Harrison press-journal. (Harrison, Nebraska) 1899-1905, November 23, 1899, Image 5

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Startling Reports of a Ship' Crew
Investigated aa the Boat Cornea
Into Quarantine.
. Mew Tork, Nov. 21. The British
steamer J. W. Taylor, from Santos, la
stained at Quarantine under suspicion
at having bubonic plague among the
erew. One man died at sea November
?, With very suspicious symptoms, and
, Captain Watera and the ship's cook are
both ill and showing symptoms of bu
bonic swellings.
The J. W. Taylor left Santos, Brazil,
October 24, with a full cargo of coffee
and sailed direct for this port On No
vember 1, Robert Hope, aged 22 years,
the steward, was taken sick snd on the
Ith died. His remains were burled at
sea. He was a native of England.
Hope was In the hospital at Santos for
about two weeks suffering from erup
tion thought to be eczema.
He returned to duty before the ship
sailed, and after seven days at sea com
plained of pains In the head, limbs and
back. He was put to bed In an ex
hausted condition, and on the second
day developed fever. The captain treat
ed him with Buch remedies as the ship's
medicine chest afforded, and nursed the
man with care until he died.
On arrival at Quarantine the cane
was reported to the health office, and
In view of the fact that the captain
U and cook, who were in constant contact
if with the sick man, were both ailing,
the steamer was detained at Quaran
tine for disinfection.
The sick men will be transferred to
Swinburne Island for treatment. All
of the crew will be sent to Huffman
Island for observation.
In view of the possibility of sickness
on board the J. W. Taylor and In the
absence of Dr. Poty, health officer of
the port. Dr. E. B. Sanborn, chief
deputy In charge, decided to call to
gether the advisory board of physi
cians appointed several years ago. The
board members are Drs. K. G. Junewuy,
T. H. Prudden, J. D. Bryant, G. I
Peabody, W. M. Polk, N. XI. Biggs, W.
H. Draper, J. H. Glreiner, It. H. Derby
and J. W. McLane. The quarantine of
ficials will consult with the board and
carry out any suggestions which they
may make.
In the meantime the disinfecting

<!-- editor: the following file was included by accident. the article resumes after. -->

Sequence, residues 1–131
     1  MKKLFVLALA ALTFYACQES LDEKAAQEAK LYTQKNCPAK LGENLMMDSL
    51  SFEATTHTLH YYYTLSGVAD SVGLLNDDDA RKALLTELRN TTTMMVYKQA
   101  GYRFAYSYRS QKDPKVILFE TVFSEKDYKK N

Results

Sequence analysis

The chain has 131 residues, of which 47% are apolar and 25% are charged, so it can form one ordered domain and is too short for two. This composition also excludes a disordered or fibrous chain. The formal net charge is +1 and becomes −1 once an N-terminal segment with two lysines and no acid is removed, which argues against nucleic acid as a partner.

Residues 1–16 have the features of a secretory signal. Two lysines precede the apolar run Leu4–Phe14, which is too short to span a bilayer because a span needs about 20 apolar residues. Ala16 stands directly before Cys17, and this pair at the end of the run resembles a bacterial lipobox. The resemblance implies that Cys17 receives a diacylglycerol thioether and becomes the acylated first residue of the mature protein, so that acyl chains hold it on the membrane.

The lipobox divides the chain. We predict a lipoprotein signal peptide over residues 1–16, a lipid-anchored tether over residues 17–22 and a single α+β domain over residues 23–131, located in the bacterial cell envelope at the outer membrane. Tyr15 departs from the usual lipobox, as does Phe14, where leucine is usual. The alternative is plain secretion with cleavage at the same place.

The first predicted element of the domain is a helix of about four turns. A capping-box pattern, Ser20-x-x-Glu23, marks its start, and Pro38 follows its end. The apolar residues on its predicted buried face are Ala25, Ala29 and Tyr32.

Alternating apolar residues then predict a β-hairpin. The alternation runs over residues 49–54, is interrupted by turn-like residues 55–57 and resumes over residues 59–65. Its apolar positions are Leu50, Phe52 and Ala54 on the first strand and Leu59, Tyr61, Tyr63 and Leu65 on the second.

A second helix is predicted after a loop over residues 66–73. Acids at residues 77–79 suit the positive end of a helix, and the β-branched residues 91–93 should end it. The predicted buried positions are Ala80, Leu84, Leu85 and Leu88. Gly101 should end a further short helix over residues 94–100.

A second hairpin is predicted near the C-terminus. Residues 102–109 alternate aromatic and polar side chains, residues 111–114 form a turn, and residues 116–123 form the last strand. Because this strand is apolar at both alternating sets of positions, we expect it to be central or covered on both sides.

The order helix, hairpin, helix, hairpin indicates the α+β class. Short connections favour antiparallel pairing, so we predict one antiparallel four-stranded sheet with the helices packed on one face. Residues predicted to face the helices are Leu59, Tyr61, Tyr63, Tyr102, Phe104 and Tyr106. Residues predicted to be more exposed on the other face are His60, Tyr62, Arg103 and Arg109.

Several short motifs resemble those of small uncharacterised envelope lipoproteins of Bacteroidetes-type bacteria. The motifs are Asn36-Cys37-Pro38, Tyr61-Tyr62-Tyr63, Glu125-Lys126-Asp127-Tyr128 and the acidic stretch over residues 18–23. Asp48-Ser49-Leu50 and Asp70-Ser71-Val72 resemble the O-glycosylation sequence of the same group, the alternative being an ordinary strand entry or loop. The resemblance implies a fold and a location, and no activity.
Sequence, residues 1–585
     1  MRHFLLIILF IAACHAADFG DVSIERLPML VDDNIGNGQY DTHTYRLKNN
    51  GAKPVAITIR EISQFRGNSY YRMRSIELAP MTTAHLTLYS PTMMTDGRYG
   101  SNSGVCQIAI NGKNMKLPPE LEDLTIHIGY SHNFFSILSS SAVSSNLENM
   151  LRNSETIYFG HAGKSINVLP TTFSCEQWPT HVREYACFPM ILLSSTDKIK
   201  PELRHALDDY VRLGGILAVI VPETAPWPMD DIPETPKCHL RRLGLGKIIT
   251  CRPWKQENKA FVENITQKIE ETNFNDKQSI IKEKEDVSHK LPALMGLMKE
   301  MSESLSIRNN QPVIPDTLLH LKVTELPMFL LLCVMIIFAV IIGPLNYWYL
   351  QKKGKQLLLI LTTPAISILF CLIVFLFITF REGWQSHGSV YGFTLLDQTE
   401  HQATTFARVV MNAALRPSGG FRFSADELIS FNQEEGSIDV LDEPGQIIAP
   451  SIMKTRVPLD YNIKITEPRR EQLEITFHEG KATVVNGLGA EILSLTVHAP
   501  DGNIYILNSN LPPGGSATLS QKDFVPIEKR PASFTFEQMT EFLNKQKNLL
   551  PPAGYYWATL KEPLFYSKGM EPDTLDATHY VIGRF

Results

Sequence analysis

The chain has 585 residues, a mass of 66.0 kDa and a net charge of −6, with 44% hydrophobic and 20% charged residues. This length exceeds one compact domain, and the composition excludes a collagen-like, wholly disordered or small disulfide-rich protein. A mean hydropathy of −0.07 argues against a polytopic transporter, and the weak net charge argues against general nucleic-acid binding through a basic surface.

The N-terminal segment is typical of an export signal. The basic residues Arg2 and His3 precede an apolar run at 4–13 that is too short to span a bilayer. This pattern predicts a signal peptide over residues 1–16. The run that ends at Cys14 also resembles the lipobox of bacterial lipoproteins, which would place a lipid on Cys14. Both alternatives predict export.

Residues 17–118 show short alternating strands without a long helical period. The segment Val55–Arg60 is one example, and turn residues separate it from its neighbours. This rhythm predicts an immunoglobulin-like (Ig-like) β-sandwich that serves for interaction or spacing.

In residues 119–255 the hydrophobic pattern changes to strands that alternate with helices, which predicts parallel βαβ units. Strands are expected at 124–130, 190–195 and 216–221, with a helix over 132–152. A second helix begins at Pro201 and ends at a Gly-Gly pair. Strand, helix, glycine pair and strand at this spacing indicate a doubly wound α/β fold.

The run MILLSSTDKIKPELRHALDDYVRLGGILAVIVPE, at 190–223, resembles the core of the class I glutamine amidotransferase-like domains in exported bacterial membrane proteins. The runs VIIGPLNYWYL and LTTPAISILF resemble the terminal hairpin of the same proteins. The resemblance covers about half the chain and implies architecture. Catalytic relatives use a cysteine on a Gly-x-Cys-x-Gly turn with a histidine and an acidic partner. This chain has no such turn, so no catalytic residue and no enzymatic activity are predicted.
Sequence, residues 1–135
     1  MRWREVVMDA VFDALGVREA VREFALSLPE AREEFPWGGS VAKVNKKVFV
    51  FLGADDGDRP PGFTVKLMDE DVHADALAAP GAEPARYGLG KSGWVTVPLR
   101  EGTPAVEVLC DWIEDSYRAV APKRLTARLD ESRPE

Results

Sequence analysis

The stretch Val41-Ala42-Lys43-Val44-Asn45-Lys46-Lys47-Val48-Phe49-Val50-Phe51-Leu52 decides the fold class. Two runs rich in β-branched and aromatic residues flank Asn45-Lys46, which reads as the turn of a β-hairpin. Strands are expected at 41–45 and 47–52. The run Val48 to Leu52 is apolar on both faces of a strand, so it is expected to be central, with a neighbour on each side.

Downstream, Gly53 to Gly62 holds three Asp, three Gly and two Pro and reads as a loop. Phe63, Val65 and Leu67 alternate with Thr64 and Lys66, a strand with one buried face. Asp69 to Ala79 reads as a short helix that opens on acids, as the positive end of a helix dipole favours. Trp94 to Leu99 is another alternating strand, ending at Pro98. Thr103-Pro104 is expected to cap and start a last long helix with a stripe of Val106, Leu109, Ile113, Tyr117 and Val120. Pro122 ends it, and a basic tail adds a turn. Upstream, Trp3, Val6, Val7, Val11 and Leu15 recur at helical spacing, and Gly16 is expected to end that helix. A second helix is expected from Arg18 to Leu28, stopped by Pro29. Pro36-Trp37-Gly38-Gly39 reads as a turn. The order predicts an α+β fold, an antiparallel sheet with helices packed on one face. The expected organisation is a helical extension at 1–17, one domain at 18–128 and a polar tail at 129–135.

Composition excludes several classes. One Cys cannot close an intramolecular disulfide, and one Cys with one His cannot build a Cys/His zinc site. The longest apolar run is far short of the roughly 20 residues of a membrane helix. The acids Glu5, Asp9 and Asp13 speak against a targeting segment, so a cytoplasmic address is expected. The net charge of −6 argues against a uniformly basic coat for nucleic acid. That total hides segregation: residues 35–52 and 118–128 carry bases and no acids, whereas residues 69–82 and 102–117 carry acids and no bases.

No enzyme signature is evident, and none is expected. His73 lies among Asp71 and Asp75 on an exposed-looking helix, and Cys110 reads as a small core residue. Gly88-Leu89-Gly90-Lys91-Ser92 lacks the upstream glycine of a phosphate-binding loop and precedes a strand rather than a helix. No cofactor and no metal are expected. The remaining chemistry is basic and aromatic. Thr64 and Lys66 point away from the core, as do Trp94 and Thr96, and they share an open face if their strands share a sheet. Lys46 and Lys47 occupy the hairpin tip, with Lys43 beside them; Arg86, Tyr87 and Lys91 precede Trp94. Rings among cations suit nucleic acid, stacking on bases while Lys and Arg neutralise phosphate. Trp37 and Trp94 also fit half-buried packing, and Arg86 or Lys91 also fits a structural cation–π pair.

steamer, James W. Wadsworlh, is
alongside the Infected craft, steaming
all the clothing and other textile fab
rics. The crew of the J. W. Taylor
numbers twenty-eight persona. The
captain's wife Is also on board. The
captain and the cook are the only per
sons affected as yet and they are not
very 111.
Officials of the New Tork board of
health boarded the Taylor and made a
complete examination of Captain Wa
ters and the cook, who are supposed to
be suffering from bubonic plague. Both
were suffering from glandular swell
ings under the arms and grain. On
the groins of both men are large swell
ings, which are said to be quite charac
teristic of the bubonic plague.
Dr. Parke, with the aid of ft hypo
dermic needle, succeeded In extracting
a quantity of pus from the swellings
on them. This will be carefully exam
ined In order to determine the nature
of the disease. The result cannot be
.learned for several days.
Shortly after being examined by Dr.
Parke, Captain Waters, accompanied
by his wife and Charles Allison, was
transferred to Swlneburne island for
treatment. Both patients are quite
comfortable and will no doubt recover.
Dr. John B. Cosby, commissioner of
the city board of health, aid: "Un
der no circumstances will 'the ship be
allowed to enter port, even after It has
been disinfected. The coffee will be al
lowed to be landed If the bags It la now
In will be burned and the coffee loaded
In bluk and then placed In new bags. I
believe that the roasting through wnicn
the coffee must pass before It Is used
will kill the germs. It Is almost lm-
nosslble to disinfect a ship, and should
there be any danger of the spreading
of the disease l would miggest the ad-
visabilliv of burning the vessel, no
matter what the rout mlKht be."
Two Big Mills Have Closed Since
the Chattanooga Agreement
Nashville, Tcnn., Nov. 21. A number
of the larger flour milling companies
In the South have perfected a combina
tion to regulate prices and control the
output of flour In their district.
At a meeting of the southern millers
held at Chattanooga recently this
agreement was entered Into. The con
ference was sec. , and the majority
of the leading ci,...panles of the south
were represented, Including the Cum
berland and Liberty mills of this city.
Others represented were: Morrtstown
Milling company, Sweetwater Milling
company. Mountain City Mill company
of Chattanooga, Shelton Mills of Chat
tanooga, Raht Bros, of, Tullahoma. Es
till Springs Mill, J. Allen Smith of
Knoxvllle and the Atlanta Milling com
pany of Atlanta. It is understood that
W. F. Hutchinson, president of the
Mountain City Mill company, engineer
ed the deal.
It Is understood that the millers alBo
agreed to curtail the production of flour
In order that the market might not be
overrun. It is also arranged that each
company should supply a certain ter
imperialism. Says Senator Money"
Will Be the Issue In Congress
Jai kson, Mlss.,Nov. 21. United States
Senator H. I. Money, senior senator
from Mississippi, says that there will
be no chance for silver legislation In
the next congress, and but little for any
other general legislation.
"Imperialism," said Senator Money,
"Is going to overshadow everything els
In the next congress. It is the dominant
Issue snd the republicans are going to
force it to the front In such manner
as to make It a partlssn measure. It
Is going to divide the two parties and